Jon

Texas_wedge's picture
Texas_wedge
Posts: 2807
Joined: Nov 2011

Jon, I think you're doing yourself an inestimable favour by avoiding processed food (especially processed meats) but I'm intrigued to know why you've stopped taking vitamins and supplements, which doesn't sound like such a good idea to me. May I ask what is your reason?

In the last year or so I've taken Glucosamine Sulphate on a sporadic basis. I've stopped doing so since reading research which convinced me that there is no significant benefit to me in taking it. I've not heard of any suggestion that it does anybody any harm - has anyone heard of any evidence that it can?

jhsu's picture
jhsu
Posts: 78
Joined: Sep 2009

We should be able to get all the vitamins from all sorts of variety of food, and I simply enjoy eating real food instead of taking pills as food. After two years, I have not found it making any difference yet by stop taking vitamin supplements.

Jon

Limelife50's picture
Limelife50
Posts: 411
Joined: Nov 2011

I kinda think my cancer came from my weekend habit of a case of beer with a couple of shots thrown in followed up by 3 packs of cigarettes ,not sure if this is why I got cancer,if anything getting cancer scared the he'll out of me enough I quit smoking cold turkey,as far as the beer is concerned well no ones perfect I I still do a couple on the weekend.

Texas_wedge's picture
Texas_wedge
Posts: 2807
Joined: Nov 2011

Jon, thanks for the explanation. I agree that a good, balanced diet should pretty well get us there. If you find that you don't miss the vits. etc then it makes good sense to lay off them but I bet you do notice the difference - in your wallet!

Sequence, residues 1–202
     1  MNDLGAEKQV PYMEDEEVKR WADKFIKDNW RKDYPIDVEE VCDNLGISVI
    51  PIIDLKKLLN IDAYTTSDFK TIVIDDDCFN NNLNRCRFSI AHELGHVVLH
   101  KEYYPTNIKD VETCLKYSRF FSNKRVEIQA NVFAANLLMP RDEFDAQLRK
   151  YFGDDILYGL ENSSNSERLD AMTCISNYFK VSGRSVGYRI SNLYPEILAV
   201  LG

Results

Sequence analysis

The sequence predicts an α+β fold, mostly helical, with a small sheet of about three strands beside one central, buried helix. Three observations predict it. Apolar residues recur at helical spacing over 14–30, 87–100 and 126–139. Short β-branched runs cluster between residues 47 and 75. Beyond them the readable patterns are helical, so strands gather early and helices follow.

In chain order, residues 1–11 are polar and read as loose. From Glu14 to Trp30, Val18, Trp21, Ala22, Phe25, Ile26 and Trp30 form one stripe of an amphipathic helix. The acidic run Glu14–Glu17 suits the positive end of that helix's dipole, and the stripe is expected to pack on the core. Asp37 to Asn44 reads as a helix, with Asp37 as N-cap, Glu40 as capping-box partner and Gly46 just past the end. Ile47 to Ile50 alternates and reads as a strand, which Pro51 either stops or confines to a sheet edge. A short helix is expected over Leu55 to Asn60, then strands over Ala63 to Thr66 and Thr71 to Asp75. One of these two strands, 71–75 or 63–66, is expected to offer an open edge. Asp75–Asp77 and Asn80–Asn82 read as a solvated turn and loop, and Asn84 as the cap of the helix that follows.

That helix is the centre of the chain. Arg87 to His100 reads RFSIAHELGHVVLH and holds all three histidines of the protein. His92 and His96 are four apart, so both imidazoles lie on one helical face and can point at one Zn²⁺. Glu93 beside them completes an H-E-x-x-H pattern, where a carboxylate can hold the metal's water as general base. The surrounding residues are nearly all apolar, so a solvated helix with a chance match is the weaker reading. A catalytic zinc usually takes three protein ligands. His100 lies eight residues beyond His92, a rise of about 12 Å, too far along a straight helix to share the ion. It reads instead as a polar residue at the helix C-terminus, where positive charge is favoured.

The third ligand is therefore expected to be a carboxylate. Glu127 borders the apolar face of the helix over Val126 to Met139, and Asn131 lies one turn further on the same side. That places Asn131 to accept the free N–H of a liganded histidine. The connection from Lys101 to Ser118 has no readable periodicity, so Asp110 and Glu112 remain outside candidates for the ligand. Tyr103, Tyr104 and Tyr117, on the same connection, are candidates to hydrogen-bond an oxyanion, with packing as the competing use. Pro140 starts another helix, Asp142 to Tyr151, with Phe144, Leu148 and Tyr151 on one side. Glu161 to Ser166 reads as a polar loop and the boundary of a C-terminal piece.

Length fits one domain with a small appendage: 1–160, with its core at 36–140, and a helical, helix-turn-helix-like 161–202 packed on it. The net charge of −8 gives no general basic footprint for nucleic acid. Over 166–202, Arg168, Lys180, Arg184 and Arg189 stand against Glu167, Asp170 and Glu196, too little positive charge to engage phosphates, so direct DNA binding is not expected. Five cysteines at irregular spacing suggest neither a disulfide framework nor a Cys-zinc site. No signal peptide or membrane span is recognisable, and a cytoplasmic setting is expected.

We all differ and vits/supps are beneficial if one has a deficit, e.g. vitamin D for older folks who don't get enough sunlight exposure (esp. if institutionalised). Playing 4 rounds of golf a week, I have no such problem (sun shines occasionally even in Scotland!) but otherwise I would take it. Also, extra anti-oxidants do no harm when you're battling cancer.

jhsu's picture
jhsu
Posts: 78
Joined: Sep 2009

Yes, balance diet is all the physical body needs, but also each individual is unique with different needs, like I’m doing a lot of daily running the body naturally craves for carbon hydrate. As for antioxidants, I would much prefer indulge my taste buds in eating those fresh greens, fruits and nuts than swallowing those chemical processed stuff.